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Thursday, June 2, 2011
We've seen last of Matsuzaka in the majors

By David Schoenfield

I'll be honest: If I never see Daisuke Matsuzaka pitch another major league game, I'll be much happier for it.

Daisuke Matsuzaka
Tommy John surgery likely means the end of Daisuke Matsuzaka's time with the Boston Red Sox.
Look, sorry if I'm knocking a guy while he's down, as I'm not trying to make light of Matsuzaka's apparent insistence that he needs Tommy John surgery.

No, this is meant to knock Dice-K's style of pitching. It's a style that makes it impossible to defend baseball to the haters. He nibbles, he takes too much time between pitches, he nibbles some more, he stares in at the catcher, he throws a strike, he looks out at the Green Monster or Jacoby Ellsbury or maybe he thinks about how awesome he was in the 2006 World Baseball Classic, he nibbles some more, and then he usually walks the batter.

It is not a style conducive to entertaining baseball.

Anyway, if he does undergo surgery, I'm sure this is the last we'll see of him in a Red Sox uniform. He's signed through 2012, but surgery would make a 2012 return unlikely. If he returns in 2013, I would predict it's in Japan and not America.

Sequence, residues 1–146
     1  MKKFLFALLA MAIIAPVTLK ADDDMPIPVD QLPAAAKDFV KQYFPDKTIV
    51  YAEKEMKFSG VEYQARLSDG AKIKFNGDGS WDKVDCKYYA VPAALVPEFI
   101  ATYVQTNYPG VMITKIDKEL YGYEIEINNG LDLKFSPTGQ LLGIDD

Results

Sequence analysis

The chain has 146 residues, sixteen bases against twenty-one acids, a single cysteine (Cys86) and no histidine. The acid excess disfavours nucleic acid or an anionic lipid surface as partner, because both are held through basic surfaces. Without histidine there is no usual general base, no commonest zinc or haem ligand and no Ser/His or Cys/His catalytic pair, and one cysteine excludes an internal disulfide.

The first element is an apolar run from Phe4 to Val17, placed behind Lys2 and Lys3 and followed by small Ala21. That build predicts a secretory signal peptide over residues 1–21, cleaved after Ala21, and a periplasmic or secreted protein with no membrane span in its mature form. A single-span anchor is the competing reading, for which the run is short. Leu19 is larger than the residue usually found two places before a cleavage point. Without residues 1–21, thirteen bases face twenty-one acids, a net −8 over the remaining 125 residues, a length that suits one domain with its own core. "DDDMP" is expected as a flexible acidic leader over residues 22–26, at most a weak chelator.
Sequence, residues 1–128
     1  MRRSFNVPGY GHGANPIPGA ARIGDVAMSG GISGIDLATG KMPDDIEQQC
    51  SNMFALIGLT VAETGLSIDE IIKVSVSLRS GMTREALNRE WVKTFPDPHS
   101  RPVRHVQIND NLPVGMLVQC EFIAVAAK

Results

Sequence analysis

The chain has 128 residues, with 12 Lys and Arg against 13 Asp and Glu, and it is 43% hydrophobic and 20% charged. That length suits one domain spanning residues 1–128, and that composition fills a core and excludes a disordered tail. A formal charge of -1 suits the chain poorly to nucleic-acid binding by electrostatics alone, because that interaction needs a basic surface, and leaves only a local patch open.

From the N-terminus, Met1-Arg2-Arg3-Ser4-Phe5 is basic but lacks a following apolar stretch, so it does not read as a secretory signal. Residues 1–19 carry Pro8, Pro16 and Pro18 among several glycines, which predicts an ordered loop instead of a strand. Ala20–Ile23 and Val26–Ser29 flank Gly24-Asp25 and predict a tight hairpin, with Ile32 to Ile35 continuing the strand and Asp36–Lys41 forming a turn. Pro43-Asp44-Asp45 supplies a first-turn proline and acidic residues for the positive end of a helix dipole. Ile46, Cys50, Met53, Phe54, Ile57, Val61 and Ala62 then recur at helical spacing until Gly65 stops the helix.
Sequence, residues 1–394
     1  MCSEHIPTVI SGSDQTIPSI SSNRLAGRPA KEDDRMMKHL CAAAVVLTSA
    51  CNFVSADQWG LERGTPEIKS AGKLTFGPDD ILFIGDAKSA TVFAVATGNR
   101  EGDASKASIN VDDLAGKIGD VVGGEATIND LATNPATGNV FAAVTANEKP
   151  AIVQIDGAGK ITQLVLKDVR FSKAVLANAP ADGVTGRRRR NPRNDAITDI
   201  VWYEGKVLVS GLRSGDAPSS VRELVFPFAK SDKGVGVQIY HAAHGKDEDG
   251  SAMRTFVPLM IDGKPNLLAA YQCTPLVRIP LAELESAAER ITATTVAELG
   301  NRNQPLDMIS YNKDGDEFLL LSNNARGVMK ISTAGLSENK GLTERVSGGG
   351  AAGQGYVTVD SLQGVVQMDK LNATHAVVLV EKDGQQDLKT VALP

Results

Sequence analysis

The Red Sox are probably fine with this. They've spent the past three years battling with Matsuzaka over his weight and training methods -- not to mention his injuries and mediocre productivity. During his up-and-down five seasons in Boston, he had one excellent season -- 2008, when he went 18-3 with a 2.90 ERA -- but he topped 170 innings just once and while his career record is 49-30, his ERA is a pedestrian 4.25, certainly not what Boston expected when they spent over $100 million to sign him away from the Seibu Lions ($51 million posting fee, six-year, $52 million contract).

By far the most frustrating thing about him was that unwillingness to challenge hitters, leading to high pitch counts and early exits. He pitched as many as seven innings in just 31 of his 105 starts, which is fewer than the number of starts he pitched five or fewer innings (34). He had 14 starts where he pitched five or fewer innings and yet threw over 100 pitches. Among pitchers with at least 500 innings since 2007, only Jonathan Sanchez and Doug Davis have a higher walk rate per nine innings Dice-K.

That said, Red Sox shouldn't totally bash the guy. He did help them win the 2007 World Series, when he won two games in the postseason. But that seems like a long time ago. I don't think Boston fans are going to miss him much, if the team is struggling to fill the back of the rotation with Dice-K and John Lackey on the DL.